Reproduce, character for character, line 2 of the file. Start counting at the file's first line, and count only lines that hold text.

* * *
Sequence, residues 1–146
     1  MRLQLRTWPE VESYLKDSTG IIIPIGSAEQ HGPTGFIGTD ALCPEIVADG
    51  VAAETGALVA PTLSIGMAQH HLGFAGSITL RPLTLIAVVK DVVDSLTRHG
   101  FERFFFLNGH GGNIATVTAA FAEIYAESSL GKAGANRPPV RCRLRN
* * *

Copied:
     1  MRLQLRTWPE VESYLKDSTG IIIPIGSAEQ HGPTGFIGTD ALCPEIVADG